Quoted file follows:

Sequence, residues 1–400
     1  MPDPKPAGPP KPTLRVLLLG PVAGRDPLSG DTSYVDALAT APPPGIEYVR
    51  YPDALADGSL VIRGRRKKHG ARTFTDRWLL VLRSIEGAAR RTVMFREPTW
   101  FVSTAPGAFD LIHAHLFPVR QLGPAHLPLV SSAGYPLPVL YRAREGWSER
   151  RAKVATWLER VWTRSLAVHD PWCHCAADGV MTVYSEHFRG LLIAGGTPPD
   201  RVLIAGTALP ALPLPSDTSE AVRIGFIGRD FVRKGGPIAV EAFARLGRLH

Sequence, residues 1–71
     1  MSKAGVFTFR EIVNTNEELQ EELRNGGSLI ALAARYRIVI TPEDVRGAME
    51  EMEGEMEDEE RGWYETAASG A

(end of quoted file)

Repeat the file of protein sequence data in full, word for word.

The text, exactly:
Sequence, residues 1–400
     1  MPDPKPAGPP KPTLRVLLLG PVAGRDPLSG DTSYVDALAT APPPGIEYVR
    51  YPDALADGSL VIRGRRKKHG ARTFTDRWLL VLRSIEGAAR RTVMFREPTW
   101  FVSTAPGAFD LIHAHLFPVR QLGPAHLPLV SSAGYPLPVL YRAREGWSER
   151  RAKVATWLER VWTRSLAVHD PWCHCAADGV MTVYSEHFRG LLIAGGTPPD
   201  RVLIAGTALP ALPLPSDTSE AVRIGFIGRD FVRKGGPIAV EAFARLGRLH

Sequence, residues 1–71
     1  MSKAGVFTFR EIVNTNEELQ EELRNGGSLI ALAARYRIVI TPEDVRGAME
    51  EMEGEMEDEE RGWYETAASG A